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Property Assessment Protests

On Behalf of | Apr 21, 2017 | Estate Planning

People often think that the County Assessor establishes the amount of their real estate taxes.  The tax levy is established by the local governing bodies that collect tax.  The assessor is responsible to determine the value of the property to which the tax levy is applied.

Spring is property assessment protest time in Iowa. Property owners who are dissatisfied with the assessed value of their property may file a protest with the county assessor at any time between April 7 and May 5.  Generally, this is the only time a protest can be filed.  If it is not filed in this timeframe, it will be automatically dismissed.

If the assessor decides an assessed value should be changed, a notice of the change is mailed to the property owner at the address on the assessor’s records.  This value can then be protested during the protest period.  The assessor does not send out a notice each year if the assessment is not changing.  Nevertheless, in odd numbered years, the property owner can protest the valuation that has not changed.  A taxpayer can easily determine the assessed value of their property by looking up the property on the assessor’s website.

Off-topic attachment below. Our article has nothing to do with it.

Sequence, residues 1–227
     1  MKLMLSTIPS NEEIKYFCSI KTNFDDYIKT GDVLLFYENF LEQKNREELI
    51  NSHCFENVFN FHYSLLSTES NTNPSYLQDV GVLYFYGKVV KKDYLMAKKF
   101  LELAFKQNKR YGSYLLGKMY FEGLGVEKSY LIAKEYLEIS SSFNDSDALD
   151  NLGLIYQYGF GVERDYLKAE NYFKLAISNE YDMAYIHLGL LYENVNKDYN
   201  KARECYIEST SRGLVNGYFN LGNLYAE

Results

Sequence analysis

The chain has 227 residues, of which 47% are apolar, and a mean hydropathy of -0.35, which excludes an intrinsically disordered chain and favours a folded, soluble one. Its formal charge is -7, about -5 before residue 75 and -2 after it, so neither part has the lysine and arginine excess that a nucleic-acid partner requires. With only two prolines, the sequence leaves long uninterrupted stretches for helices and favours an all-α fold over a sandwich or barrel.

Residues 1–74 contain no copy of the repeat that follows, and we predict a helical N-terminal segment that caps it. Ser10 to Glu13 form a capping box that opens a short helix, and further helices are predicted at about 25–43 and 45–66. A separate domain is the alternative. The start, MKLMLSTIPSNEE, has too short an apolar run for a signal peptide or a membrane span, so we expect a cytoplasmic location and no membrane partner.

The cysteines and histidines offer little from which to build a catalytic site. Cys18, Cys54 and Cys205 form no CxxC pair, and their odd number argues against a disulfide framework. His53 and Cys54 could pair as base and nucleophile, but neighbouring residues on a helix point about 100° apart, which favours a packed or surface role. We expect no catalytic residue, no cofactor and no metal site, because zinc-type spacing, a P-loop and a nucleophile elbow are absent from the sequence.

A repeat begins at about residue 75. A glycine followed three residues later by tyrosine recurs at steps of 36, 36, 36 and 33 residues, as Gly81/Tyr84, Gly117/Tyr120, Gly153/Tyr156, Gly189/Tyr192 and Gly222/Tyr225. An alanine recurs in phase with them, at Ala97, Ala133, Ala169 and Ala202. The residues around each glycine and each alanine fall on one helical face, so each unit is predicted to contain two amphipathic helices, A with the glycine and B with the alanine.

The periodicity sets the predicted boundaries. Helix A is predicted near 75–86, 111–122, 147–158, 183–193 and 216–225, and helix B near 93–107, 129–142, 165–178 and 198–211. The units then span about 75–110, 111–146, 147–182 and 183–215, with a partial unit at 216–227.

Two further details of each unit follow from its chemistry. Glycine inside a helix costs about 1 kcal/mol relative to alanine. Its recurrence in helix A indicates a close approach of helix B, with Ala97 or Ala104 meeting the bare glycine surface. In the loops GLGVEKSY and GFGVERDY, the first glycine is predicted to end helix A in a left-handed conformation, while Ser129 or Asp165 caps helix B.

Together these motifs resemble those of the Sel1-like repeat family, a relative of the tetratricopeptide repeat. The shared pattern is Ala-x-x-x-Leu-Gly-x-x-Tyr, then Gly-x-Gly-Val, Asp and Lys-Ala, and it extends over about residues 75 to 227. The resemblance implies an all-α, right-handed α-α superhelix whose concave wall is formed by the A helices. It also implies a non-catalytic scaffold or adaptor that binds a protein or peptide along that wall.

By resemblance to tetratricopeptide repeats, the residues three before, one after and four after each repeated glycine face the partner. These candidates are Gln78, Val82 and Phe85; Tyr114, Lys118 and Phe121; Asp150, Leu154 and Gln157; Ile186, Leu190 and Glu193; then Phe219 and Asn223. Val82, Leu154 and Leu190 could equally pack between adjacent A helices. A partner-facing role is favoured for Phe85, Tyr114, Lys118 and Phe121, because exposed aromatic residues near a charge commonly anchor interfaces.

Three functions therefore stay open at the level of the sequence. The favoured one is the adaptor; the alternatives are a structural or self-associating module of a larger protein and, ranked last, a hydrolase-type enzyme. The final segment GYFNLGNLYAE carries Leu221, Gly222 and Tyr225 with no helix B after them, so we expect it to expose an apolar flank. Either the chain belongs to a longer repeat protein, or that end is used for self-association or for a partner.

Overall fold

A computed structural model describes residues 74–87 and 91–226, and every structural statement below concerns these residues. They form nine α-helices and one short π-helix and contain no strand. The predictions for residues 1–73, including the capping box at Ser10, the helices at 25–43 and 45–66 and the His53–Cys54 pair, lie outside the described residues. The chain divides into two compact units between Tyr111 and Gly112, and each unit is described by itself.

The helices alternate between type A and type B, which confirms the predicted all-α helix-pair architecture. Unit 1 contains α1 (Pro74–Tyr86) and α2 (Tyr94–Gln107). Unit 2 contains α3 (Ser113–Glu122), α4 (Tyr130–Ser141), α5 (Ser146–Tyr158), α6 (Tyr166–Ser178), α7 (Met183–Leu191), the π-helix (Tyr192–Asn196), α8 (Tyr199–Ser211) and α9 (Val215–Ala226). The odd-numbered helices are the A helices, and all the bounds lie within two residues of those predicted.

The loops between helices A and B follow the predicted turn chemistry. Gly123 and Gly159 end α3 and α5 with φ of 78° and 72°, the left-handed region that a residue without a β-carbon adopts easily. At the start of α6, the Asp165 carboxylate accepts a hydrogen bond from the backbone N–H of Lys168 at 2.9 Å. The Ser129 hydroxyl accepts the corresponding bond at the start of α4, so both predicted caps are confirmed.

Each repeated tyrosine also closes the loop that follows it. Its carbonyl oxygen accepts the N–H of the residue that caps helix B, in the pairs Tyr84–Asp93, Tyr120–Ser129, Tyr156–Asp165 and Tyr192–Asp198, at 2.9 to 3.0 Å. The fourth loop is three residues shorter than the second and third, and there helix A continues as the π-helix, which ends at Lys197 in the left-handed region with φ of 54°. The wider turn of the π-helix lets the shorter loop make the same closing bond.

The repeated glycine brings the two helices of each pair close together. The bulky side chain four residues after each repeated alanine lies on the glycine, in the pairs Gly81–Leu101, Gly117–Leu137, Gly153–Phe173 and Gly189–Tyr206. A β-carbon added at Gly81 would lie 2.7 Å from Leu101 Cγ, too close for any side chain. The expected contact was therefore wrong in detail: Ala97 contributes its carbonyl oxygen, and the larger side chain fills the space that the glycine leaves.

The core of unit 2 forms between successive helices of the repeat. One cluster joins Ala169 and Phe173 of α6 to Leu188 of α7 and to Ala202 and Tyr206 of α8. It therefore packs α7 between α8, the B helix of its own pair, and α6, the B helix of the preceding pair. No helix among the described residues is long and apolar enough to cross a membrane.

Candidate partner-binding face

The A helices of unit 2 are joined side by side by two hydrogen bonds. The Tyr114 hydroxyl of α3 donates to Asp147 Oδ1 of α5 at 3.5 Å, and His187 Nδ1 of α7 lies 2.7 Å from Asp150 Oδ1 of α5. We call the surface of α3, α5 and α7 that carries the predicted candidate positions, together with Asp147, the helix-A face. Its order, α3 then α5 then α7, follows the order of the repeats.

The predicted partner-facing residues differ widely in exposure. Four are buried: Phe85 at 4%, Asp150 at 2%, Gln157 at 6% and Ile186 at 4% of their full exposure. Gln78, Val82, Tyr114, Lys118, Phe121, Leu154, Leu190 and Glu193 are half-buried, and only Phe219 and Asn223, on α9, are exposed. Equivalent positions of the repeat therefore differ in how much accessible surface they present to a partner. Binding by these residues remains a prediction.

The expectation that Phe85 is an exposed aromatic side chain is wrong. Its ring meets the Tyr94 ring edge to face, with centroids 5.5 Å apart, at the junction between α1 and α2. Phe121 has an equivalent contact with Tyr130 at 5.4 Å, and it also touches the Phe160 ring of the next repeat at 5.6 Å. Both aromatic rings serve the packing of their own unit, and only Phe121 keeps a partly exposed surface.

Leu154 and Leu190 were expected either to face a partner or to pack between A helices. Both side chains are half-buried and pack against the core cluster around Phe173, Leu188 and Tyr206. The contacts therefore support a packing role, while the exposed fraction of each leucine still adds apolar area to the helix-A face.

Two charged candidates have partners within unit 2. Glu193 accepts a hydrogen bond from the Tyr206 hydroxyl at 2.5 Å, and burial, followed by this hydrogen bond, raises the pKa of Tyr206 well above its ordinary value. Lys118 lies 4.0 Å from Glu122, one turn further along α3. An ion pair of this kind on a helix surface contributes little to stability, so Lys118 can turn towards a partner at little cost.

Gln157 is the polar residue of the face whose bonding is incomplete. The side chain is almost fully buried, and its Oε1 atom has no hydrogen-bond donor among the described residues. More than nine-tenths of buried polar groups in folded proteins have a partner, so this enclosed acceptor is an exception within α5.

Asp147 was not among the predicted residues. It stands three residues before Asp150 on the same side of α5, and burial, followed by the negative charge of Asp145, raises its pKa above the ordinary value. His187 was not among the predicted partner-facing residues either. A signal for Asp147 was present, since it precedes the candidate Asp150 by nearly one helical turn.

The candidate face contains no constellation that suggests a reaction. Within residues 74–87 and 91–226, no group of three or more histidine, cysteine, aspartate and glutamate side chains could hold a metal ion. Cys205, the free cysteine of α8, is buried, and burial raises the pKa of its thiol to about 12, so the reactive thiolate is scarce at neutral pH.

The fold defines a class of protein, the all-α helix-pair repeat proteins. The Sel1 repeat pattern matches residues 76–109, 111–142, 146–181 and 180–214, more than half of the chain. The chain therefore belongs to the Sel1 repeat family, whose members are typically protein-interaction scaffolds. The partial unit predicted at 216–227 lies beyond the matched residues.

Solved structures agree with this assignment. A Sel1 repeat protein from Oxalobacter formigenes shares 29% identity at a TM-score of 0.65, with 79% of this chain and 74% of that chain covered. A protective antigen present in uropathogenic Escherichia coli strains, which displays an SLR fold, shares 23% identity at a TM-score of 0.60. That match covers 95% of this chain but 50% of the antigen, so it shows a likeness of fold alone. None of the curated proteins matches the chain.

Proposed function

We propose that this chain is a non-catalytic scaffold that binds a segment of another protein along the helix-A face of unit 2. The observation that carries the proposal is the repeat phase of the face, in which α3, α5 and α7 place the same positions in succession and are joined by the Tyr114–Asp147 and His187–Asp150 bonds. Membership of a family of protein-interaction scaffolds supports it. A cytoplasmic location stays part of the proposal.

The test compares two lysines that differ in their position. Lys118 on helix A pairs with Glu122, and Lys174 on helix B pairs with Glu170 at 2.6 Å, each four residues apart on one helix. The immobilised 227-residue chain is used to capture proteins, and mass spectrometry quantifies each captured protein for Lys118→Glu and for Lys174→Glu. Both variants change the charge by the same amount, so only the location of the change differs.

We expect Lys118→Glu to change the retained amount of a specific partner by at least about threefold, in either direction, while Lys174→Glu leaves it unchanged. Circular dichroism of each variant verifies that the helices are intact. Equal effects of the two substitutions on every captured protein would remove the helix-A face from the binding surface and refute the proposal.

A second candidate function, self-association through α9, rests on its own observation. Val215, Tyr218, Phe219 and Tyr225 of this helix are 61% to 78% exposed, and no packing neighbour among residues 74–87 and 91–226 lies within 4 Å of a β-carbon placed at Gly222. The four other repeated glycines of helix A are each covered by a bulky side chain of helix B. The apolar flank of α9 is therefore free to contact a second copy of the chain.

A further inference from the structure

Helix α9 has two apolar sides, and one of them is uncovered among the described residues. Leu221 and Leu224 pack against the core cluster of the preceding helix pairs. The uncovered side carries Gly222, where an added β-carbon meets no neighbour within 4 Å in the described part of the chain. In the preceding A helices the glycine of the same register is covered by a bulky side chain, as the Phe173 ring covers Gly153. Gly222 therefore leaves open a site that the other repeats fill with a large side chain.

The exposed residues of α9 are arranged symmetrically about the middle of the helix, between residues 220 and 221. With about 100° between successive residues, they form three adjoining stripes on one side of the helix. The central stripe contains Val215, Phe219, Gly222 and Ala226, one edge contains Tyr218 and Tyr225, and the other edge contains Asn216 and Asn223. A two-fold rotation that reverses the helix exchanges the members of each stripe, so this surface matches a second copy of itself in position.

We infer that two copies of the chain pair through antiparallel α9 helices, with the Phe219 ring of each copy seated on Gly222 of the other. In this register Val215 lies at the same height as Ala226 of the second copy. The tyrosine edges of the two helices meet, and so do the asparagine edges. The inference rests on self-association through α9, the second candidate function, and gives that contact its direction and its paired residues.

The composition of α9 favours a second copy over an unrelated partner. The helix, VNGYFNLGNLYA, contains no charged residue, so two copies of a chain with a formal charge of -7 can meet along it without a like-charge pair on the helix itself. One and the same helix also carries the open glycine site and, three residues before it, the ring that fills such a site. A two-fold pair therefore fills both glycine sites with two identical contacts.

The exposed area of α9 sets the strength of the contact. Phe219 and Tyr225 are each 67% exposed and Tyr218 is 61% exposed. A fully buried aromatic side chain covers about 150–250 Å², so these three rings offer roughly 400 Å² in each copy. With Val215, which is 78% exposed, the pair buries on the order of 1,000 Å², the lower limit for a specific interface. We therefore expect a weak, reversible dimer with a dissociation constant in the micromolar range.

Although there are several grounds for protest, the most common one is that the property is assessed for more than its fair market value.  To determine the fair market value, the assessor looks at sales of comparable properties.  The property owner generally needs to bring forward information on comparable sales to show to the Board of Review that the property is over assessed.  An appraisal is the best evidence.  However, it may not be cost effective given a modest increase in value, and it may not be possible to obtain one given the short timeframe to appeal if a decision to protest has not been made early.

A property owner unhappy with a Board of Review decision may appeal to the state appeal board or to the Iowa District Court.  The appeals can be costly propositions as it is necessary at that time to hire usually two appraisers.  Also, the service of an attorney is prudent.  As a result, particularly on residential properties, it is often not cost effective to file an appeal.

A good first step for someone unhappy with the assessed value of their property is to make an appointment to visit informally with the County Assessor.  The County Assessor will be happy to visit with the taxpayer to explain how the Assessor arrived at the assessed value.  After that conversation, an informed decision can be made whether it is worthwhile to proceed with the protest procedure and a possible appeal.

If you want to discuss protesting your property assessment, please contact Jack Ruesch at Telpner Peterson Law Firm, LLP today at 712-309-3738.